A relatively young country, the narrative of the United States still continues to be written and its future re-imagined with each new generation. Since its founding, the “story” of the United States has largely centered around ideas of optimism, hard work, and promise, and the notion that this ideology came from an era when the country was inextricably tied to the sea is no coincidence. Throughout history, the sea has represented humanity’s spirit of hope and possibility, with the simultaneous potential for danger and ruin. In the context of a hard fought for and newly established nation, the sea represented both of these realities while framing a collective vision for the people of the United States of America. Those who live on the coast of Maine understand that proximity to the ocean and waterfronts can have quite an impact on one’s identity and on our perceptions and understanding of the world.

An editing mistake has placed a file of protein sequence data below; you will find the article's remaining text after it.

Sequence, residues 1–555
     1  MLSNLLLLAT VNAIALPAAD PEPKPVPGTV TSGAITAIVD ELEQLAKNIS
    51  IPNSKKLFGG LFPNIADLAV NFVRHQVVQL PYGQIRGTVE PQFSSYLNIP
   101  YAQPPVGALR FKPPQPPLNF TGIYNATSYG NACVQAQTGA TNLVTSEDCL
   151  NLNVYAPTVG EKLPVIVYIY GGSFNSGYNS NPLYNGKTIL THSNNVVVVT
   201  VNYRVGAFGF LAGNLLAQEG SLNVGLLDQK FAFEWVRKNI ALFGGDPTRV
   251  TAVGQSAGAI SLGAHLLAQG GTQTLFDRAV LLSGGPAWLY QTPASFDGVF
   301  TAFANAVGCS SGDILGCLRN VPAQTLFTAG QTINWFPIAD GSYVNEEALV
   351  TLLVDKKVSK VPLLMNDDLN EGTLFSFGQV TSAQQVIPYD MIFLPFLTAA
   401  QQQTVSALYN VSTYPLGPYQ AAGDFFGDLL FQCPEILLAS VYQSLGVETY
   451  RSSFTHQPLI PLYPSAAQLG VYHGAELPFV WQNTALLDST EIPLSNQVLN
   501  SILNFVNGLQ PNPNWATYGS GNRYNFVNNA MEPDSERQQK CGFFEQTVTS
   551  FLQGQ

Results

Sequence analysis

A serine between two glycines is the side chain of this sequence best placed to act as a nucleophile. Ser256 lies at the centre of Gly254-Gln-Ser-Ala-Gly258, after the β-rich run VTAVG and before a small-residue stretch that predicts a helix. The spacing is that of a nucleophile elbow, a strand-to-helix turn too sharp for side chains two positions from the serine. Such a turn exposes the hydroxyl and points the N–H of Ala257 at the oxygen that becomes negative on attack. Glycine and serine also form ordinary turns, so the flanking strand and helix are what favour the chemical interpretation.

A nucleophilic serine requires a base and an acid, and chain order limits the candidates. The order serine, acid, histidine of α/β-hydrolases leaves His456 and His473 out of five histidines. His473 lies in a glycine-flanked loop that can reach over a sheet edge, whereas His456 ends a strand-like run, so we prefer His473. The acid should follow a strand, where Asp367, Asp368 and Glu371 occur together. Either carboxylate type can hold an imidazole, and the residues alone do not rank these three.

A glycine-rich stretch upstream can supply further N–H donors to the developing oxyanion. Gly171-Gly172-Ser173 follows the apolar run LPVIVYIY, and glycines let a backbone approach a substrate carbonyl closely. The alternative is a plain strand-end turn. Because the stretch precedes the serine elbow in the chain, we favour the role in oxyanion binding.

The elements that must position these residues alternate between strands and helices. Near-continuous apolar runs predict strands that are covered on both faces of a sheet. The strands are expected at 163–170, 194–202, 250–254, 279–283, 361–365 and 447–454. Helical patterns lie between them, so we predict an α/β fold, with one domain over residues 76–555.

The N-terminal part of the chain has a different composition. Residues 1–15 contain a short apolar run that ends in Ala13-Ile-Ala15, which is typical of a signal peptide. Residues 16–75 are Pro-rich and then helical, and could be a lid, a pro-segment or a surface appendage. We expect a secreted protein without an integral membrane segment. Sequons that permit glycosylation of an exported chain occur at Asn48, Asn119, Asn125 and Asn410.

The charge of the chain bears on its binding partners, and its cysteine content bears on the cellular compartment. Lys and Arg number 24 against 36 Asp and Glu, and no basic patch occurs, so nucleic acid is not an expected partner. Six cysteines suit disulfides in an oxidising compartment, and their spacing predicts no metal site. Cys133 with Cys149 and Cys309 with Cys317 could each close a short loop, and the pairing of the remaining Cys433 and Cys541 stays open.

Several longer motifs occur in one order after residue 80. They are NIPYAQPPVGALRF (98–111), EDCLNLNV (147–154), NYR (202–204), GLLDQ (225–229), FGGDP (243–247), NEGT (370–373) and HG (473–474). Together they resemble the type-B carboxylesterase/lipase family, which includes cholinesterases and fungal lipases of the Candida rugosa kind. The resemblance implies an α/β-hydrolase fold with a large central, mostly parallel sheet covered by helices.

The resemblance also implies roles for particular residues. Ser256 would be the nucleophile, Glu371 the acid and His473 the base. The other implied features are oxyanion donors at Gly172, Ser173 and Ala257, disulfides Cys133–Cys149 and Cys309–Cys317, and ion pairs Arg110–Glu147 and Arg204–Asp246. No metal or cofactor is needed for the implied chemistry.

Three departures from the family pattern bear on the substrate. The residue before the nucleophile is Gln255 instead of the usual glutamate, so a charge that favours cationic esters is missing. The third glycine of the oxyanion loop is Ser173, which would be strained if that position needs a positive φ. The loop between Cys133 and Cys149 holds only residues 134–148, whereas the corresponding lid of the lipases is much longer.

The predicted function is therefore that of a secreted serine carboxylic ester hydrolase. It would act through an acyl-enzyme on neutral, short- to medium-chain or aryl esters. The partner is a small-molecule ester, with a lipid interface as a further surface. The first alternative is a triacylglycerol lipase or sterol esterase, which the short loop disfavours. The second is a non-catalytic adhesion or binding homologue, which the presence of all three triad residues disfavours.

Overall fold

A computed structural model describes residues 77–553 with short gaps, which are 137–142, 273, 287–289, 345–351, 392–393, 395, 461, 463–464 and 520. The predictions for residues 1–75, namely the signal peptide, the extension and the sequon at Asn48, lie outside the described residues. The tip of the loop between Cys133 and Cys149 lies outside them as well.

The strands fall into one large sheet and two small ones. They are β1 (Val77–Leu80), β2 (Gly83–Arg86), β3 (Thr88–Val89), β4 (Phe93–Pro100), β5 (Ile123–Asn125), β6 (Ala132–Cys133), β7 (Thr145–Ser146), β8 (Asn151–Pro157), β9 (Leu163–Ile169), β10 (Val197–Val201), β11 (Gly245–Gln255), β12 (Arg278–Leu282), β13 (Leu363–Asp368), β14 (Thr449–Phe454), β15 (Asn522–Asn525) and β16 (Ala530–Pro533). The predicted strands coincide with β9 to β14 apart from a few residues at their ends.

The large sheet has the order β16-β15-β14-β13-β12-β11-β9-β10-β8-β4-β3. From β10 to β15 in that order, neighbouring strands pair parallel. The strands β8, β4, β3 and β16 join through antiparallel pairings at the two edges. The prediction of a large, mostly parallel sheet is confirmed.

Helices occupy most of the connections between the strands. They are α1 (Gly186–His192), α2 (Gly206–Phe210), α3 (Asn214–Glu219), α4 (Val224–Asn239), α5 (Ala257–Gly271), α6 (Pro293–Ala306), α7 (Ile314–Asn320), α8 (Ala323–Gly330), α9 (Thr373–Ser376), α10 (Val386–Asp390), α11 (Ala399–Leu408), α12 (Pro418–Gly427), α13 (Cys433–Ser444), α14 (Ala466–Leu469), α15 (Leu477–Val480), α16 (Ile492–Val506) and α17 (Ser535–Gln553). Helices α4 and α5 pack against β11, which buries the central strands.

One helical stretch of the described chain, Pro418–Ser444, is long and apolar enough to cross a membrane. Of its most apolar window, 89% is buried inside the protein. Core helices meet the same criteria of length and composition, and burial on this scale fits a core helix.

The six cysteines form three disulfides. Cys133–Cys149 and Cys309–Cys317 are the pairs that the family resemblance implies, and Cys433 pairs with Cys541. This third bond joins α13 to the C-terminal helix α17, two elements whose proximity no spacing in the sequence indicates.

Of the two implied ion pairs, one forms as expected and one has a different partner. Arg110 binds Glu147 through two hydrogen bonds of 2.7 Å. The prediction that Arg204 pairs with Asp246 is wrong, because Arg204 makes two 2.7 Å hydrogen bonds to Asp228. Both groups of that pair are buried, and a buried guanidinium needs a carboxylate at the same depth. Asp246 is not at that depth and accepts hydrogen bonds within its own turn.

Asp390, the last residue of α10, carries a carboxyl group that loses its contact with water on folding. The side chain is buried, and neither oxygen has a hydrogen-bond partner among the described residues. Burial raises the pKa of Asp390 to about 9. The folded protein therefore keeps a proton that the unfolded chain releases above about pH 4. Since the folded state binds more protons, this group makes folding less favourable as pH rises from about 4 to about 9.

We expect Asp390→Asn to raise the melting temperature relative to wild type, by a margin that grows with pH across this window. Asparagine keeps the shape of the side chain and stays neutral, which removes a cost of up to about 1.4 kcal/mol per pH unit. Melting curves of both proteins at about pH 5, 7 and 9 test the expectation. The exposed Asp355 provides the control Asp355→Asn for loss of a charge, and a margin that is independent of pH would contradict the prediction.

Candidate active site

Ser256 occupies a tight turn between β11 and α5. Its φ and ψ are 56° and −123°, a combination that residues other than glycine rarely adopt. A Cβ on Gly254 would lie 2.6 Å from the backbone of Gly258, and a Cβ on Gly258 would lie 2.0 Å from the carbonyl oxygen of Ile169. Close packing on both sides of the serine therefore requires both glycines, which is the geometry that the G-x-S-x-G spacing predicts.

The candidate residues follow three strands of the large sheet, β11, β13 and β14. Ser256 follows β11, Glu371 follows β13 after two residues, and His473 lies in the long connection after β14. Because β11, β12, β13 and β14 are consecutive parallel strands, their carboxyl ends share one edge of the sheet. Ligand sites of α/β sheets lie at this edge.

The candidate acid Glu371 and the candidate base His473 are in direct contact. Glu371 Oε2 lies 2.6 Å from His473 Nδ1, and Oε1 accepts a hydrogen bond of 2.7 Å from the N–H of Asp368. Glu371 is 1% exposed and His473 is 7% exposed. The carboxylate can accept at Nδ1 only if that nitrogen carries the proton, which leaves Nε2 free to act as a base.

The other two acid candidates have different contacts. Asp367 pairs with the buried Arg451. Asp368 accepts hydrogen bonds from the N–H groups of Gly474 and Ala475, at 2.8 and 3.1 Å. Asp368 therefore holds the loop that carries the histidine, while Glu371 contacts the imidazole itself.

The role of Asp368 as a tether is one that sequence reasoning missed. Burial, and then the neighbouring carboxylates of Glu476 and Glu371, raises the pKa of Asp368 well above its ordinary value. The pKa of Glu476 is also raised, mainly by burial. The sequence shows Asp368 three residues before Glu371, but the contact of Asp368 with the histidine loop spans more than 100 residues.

In this first installment of “Finding Maine Maritime Art”, we invite you to explore three southern coastal Maine towns worth visiting, each with major historical and commercial connections with the sea, and today are home to galleries featuring artwork reflective of those connections.
It is well known that Maine has an abundance of art, and many artists have been inspired by the natural beauty and picturesque surroundings of the state, using it as a backdrop for their work. Because of the 3,500 miles of coastline and the significant historical and traditional ties to the sea, it is not surprising that there are maritime themes within much of the artwork that has come out of Maine.
Traveling through the coastal towns of Maine it is easy to become enchanted by the views crafted by years of weathering, carved by the salty sea. The unique people who inhabit these communities capture their histories in a timeless experience—one they will readily share with you.
Lise Becu with her sculpture, “Spirit of the Marsh”